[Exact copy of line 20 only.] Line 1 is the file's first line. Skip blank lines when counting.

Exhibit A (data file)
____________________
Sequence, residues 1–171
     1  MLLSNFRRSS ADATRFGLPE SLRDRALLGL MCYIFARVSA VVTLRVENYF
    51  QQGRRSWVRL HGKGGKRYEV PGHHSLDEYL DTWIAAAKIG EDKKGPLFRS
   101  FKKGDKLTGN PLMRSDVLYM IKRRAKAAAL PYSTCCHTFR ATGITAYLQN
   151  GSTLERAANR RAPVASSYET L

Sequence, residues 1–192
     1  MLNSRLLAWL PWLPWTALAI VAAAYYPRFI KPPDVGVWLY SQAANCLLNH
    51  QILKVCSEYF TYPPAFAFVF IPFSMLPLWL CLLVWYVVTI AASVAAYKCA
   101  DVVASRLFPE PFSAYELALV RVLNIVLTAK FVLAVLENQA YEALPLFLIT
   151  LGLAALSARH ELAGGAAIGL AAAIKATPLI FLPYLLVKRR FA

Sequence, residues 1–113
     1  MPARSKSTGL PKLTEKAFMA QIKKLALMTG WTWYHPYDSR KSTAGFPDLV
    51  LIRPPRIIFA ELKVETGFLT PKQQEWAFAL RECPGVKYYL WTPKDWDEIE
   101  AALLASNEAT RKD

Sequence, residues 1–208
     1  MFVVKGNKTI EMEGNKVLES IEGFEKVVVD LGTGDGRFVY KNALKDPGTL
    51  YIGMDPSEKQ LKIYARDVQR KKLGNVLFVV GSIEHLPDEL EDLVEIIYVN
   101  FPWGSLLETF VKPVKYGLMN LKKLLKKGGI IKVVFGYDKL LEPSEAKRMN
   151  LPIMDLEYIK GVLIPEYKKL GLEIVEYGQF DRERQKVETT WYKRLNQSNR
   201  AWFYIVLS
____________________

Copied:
   201  AWFYIVLS